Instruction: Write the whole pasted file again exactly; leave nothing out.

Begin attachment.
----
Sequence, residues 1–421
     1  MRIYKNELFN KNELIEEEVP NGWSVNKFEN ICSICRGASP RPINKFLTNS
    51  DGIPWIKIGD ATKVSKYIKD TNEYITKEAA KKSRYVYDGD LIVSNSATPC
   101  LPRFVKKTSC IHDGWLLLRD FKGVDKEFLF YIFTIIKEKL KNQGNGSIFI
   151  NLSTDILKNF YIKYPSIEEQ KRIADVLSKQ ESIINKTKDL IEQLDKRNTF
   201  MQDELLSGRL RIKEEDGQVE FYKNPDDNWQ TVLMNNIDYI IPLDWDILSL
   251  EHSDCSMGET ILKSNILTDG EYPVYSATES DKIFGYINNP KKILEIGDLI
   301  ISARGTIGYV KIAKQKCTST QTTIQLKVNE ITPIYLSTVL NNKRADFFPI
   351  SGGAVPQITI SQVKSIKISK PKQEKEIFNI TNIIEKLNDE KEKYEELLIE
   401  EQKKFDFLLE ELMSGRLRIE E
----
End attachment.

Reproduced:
Sequence, residues 1–421
     1  MRIYKNELFN KNELIEEEVP NGWSVNKFEN ICSICRGASP RPINKFLTNS
    51  DGIPWIKIGD ATKVSKYIKD TNEYITKEAA KKSRYVYDGD LIVSNSATPC
   101  LPRFVKKTSC IHDGWLLLRD FKGVDKEFLF YIFTIIKEKL KNQGNGSIFI
   151  NLSTDILKNF YIKYPSIEEQ KRIADVLSKQ ESIINKTKDL IEQLDKRNTF
   201  MQDELLSGRL RIKEEDGQVE FYKNPDDNWQ TVLMNNIDYI IPLDWDILSL
   251  EHSDCSMGET ILKSNILTDG EYPVYSATES DKIFGYINNP KKILEIGDLI
   301  ISARGTIGYV KIAKQKCTST QTTIQLKVNE ITPIYLSTVL NNKRADFFPI
   351  SGGAVPQITI SQVKSIKISK PKQEKEIFNI TNIIEKLNDE KEKYEELLIE
   401  EQKKFDFLLE ELMSGRLRIE E